Husband and I went on our first wine tasting trip for our honeymoon about 6 years ago. We took 10 days and had a road trip up the cost of California, stopping in several of California’s best known wine regions. Since then, we’ve managed to fit in short weekends in wine country about once every year – mostly in Paso Robles and Santa Barbara, since those are the closest to home. Each time we went tasting, we honed our skills for not only appraising the wine, but also how to do wine-tasting right. That is to say, we figured out the best method for tasting lots of wineries, buying only the best bottles for our needs, doing it all on a budget and not getting slobbering drunk by noon.
Here’s a quick beginners guide of what I’ve learned and my tips for getting the most enjoyment from your wine tasting trip….
1. Know the basics of the region
It will help tremendously when you’re tasting and trying to decide if a wine is actually exceptional, or just mediocre if you know a little bit about what to expect from each region. For example, wines from the Santa Barbara area are going to be softer, and a bit more delicate than wines from Paso Robles, where it’s hotter and the flavors tend to be much bolder. It’s also good to know what grapes each area is known for going in – That will usually give you a sense of why there is more of one particular grape on your tasting menu than any other. Knowing this will also help you plan where you want to go, based on your own personal tastes or what wines you’re interested in learning about.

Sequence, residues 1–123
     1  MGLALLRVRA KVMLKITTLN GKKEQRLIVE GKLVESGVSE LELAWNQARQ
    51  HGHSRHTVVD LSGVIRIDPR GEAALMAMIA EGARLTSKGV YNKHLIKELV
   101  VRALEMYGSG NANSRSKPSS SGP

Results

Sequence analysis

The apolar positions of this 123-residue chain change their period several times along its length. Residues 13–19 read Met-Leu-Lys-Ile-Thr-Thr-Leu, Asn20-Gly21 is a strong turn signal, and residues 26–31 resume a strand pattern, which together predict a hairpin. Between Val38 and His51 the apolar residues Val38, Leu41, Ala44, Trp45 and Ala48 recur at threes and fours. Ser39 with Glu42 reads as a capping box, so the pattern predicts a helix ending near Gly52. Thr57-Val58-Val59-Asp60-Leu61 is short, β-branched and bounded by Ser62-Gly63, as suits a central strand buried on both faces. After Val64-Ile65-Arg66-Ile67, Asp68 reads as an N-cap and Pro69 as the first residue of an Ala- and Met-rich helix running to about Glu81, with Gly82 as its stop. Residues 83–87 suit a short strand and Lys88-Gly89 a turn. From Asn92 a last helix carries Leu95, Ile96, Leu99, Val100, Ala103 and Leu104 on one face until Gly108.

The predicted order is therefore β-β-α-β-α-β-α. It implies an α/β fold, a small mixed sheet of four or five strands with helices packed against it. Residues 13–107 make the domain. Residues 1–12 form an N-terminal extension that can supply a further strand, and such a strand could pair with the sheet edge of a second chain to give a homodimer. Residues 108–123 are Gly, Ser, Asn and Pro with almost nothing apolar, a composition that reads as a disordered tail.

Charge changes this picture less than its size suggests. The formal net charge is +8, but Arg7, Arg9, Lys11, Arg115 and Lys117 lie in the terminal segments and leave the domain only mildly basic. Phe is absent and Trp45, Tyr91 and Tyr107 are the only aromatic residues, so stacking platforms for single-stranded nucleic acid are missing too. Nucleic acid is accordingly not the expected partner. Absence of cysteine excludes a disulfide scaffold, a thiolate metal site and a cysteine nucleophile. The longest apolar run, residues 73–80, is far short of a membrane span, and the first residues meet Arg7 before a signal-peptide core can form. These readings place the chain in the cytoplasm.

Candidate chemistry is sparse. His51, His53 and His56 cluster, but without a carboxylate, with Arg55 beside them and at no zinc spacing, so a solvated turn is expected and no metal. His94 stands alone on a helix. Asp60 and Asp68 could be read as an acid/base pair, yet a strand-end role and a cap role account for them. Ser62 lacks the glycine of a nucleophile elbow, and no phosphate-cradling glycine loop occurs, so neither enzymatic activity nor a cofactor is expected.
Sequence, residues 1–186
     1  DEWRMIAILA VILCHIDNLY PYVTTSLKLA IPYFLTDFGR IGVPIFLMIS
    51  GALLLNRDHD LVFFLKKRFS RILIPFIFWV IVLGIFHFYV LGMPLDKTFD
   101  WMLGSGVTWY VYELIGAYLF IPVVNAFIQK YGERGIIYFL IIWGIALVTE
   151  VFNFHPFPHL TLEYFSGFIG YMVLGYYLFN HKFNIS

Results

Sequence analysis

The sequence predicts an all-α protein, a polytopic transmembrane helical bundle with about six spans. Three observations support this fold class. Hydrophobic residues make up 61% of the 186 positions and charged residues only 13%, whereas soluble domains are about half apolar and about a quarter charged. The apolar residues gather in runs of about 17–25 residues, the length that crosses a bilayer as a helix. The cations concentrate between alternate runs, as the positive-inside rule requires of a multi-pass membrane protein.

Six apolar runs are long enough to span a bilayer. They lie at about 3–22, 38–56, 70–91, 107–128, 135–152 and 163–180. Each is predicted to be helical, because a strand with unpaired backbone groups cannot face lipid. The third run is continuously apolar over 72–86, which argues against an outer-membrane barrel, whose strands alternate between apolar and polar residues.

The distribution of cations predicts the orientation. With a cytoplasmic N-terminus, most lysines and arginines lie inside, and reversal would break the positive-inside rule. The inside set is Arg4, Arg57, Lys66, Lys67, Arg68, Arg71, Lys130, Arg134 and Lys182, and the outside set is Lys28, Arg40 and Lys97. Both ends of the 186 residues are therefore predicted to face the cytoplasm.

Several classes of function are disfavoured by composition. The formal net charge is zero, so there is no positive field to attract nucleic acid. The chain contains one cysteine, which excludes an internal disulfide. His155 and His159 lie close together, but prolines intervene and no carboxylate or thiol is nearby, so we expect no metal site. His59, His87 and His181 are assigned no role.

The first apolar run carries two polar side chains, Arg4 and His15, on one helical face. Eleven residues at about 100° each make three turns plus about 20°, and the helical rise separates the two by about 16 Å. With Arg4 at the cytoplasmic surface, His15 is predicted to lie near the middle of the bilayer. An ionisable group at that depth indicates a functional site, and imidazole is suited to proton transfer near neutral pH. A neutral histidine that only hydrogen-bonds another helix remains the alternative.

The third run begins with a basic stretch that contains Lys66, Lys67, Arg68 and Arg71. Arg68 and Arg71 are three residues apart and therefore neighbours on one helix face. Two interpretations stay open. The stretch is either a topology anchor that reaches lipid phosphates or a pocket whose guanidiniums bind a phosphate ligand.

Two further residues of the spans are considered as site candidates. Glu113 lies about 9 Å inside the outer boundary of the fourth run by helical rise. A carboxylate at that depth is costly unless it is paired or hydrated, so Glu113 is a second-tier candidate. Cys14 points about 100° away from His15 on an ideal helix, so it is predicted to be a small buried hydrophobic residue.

2. Bring a picnic
Before you depart on your tasting tour, stop by the market and load up on provisions. My favorites are plenty of bottled water, assorted cheeses (your palate will be in the mood for that) crackers, a loaf of some delicious bread, and deli meats like salami and prosciutto. We actually have found several little shops in wine-region areas that put together plates of all this that you can grab and go before hitting the wineries. Vivant in Paso Robles is one of our favorites.
Then the trick is to actually snack all day – in between wineries in the car. You could still stop and eat a more complete meal mid-day, but keep up the snacking throughout. This of course keeps your energy level up and helps to soak up the alcohol you’re consuming.
3. Share a tasting
Most tastings cost about $10. (When we went on our honeymoon six years ago, most in Paso Robles were free, can you believe that!) Rather than each person in your party having their own glass, just partner up and share one! You will still get more than enough of a taste and it will help in keeping you sober (more on that in a bit.) Plus it saves on the cost and gives you more money for actually purchasing a bottle you can enjoy at home.
Ok, so if you’re goal is to go wild and get plastered with your friends, then feel free to skip this point… But if you’re actually interested in tasting lots of wines, then spitting is essential. This is one of those things that I hardly ever see people doing and I don’t understand why. Well, I guess I do understand – It’s awkward. And it feels strange to take a sip of expensive wine, only to spit it out, but here’s an illustration of my experience and why I find spitting so important…